By: Joe Peters
Whether you’re making sales calls or attending conferences, travel is an important aspect of business. On the road, you have more to worry about than working out of the office, such as booking hotels, flights, packing for trips, or staying in touch with colleagues and family.
The digital era also means you have to protect your business and personal data while working remotely. Here are some tips for securing your information and devices while traveling.
1. Stay Current
Security needs change as rapidly as technology changes. Hackers and cyber criminals are very familiar with outdated systems and software.
To reduce your risk, be certain that you’ve installed the latest updates to everything from your operating system to your personal apps. These upgrades are frequently issued for the purpose of fixing security weaknesses or implementing safeguards against the latest malware and hacker tricks.
It could also be critical that you perform full backups of your devices before you depart and protect the backups with strong passwords. If possible, take along devices that are designed for mobile workers and hold minimal amounts of data. Delete all non-essential data from your gadgets before leaving on a trip, especially confidential files, and be sure to scrub the hard drive when you return.
If you do need to carry or transmit sensitive information, use whole-disk encryption software so the data can’t be read by would-be hackers.
2. Keep Your Devices Close
Despite good security practices, data can still be stolen if you lose your mobile device or it’s stolen from your belongings. Depending on your destination and circumstances, your devices might also be damaged or confiscated.
Know where your equipment is at all times. Keep it in sight so you minimize the risks of leaving it behind or having some thief search through your luggage. Buy lightweight devices that are easier to carry around if that makes things easier, but protect your IT equipment at all times.
Even when you’re being frisked by airport security, make sure your IT devices have gone through the scanner so you can keep an eye on them. Don’t put your laptop or tablet into baggage that’s going to the cargo hold. Keep it with you.
That also includes times when you leave your hotel room. Take electronic devices with you. Don’t leave your equipment in easy view on trains or in cabs where they could be snatched away from you.
Ask your IT department about installing remote-wipe utilities in case your mobile device is stolen.
3. Use Caution When You Communicate
Consider buying a cheap disposable phone to make and answer calls on your trip. If you really need a smartphone, buy a more affordable one at your destination or replace your SIM card with a local one.
Either way, keep the phone turned off when not in use and avoid downloading any new files or applications from unsecured sources. Even innocent-seeming downloads may conceal spyware or viruses. Load any travel apps you may need, such as maps, translators, or accessing flight schedules on your travel phone before you leave.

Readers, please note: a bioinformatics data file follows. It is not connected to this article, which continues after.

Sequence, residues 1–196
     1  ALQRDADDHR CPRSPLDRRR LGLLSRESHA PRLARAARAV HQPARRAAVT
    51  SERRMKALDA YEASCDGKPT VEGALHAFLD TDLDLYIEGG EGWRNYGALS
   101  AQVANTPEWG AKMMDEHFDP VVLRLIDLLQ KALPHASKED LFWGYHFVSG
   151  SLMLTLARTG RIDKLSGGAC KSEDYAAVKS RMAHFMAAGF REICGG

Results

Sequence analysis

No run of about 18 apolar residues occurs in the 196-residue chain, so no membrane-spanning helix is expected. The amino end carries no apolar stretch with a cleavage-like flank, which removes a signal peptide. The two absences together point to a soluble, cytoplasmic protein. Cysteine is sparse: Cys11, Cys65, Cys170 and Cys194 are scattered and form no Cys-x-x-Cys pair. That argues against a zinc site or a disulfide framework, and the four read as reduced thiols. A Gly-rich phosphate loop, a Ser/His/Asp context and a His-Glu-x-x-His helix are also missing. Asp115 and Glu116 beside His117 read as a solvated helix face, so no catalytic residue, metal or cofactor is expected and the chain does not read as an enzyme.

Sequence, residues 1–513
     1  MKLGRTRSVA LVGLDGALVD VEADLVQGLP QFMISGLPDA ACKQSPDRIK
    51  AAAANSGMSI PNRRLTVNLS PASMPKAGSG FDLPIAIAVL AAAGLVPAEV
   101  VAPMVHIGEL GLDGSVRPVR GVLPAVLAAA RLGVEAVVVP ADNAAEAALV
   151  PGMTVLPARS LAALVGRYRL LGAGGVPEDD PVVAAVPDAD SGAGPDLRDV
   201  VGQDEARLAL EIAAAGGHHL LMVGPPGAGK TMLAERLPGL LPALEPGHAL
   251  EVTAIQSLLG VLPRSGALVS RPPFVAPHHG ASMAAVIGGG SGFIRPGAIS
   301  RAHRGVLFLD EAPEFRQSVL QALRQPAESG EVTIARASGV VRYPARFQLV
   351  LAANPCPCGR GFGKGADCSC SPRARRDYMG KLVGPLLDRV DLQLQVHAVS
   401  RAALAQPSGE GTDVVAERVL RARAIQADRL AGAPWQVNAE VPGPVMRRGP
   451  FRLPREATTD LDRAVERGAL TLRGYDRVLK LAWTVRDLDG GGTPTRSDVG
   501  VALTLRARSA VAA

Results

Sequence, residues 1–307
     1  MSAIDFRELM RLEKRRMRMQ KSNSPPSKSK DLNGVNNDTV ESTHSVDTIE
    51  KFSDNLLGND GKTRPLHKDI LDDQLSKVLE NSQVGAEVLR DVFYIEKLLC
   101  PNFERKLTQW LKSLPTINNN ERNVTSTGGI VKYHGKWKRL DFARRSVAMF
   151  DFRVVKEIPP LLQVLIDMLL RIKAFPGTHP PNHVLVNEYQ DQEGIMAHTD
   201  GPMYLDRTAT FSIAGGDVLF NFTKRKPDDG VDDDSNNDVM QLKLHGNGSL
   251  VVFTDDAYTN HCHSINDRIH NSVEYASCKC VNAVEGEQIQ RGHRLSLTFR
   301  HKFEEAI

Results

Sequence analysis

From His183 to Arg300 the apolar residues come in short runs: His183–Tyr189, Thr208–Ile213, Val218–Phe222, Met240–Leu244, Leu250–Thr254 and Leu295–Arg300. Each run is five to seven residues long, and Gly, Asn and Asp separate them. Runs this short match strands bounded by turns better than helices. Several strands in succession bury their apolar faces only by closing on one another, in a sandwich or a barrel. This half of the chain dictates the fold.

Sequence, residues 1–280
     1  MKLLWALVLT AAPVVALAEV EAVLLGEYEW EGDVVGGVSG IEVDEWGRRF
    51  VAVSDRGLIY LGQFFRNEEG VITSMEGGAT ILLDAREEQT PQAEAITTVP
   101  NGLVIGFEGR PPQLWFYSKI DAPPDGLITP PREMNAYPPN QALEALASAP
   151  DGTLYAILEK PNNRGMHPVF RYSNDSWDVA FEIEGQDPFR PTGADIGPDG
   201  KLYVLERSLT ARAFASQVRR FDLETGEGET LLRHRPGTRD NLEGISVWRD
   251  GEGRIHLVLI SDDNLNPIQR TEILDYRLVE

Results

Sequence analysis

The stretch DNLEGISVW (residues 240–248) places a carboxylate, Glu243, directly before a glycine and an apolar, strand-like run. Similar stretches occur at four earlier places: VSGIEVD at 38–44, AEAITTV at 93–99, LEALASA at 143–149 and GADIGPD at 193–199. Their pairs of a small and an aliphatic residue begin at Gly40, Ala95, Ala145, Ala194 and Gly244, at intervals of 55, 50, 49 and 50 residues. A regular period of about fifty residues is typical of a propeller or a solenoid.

Never share sensitive information, either digitally or spoken. Encourage the other party to wait until after you return to the office before sharing business information. Any calls you need to make should take place over secured channels such as Skype or a Virtual Private Network.
4. Avoid Using Public Networks
Many airports, hotels, restaurants, stores, and other businesses now offer public Wi-Fi access. While this may seem like a free and convenient alternative, avoid using it. This includes any equipment accessing these same networks, which is often provided in business centers or internet cafes.
Public Wi-Fi usually has no security beyond a password which anyone can learn. Hackers monitor these networks looking for the opportunity to intercept conversations or load spyware onto your device. Indeed, any enterprising cybercriminal can create a free Wi-Fi connection of their own and use it to entrap unsuspecting travelers.
If your company isn’t already using one, request that they establish a VPN. This provides a secured connection for you and other mobile employees. Even if you access the VPN from an unsecured public network, your messaging is still encrypted and tunneled through the VPN.
5. Perform Security Checks
If you can, run security scans regularly while on the road or if you think you’re experiencing issues. Back up any new data to a secure cloud storage site and protect it with a strong password.
Upon returning from your trip, ensure that your travel devices are still secured. Run a security scan of your laptop. Have your IT team verify that your mobile devices have not been compromised.
Change all of your passwords. If necessary, use a password organizer to keep track of multiple passwords and accounts. Always use strong passwords that are a combination of upper and lower case letters, numerals, and special characters.
If you purchased a disposable phone or new SIM card just for your trip, throw them out when you return. To be absolutely certain your devices are free of malware, you can always wipe or reformat the hard drive and reinstall your OS and applications.
In conclusion, travel for business is often unavoidable but may expose you to security risks. It’s vital to take all these precautions to protect your devices, communications, and your company network. These precautions should continue even after you’re safely home. Otherwise, problems you never suspected could appear long afterward.
BIO: Joe Peters is a Baltimore-based freelance writer and an ultimate tech enthusiast. When he is not working his magic as a marketing consultant, this incurable tech junkie enjoys reading about latest apps and gadgets and binge-watching his favorite TV shows. You can reach him @bmorepeters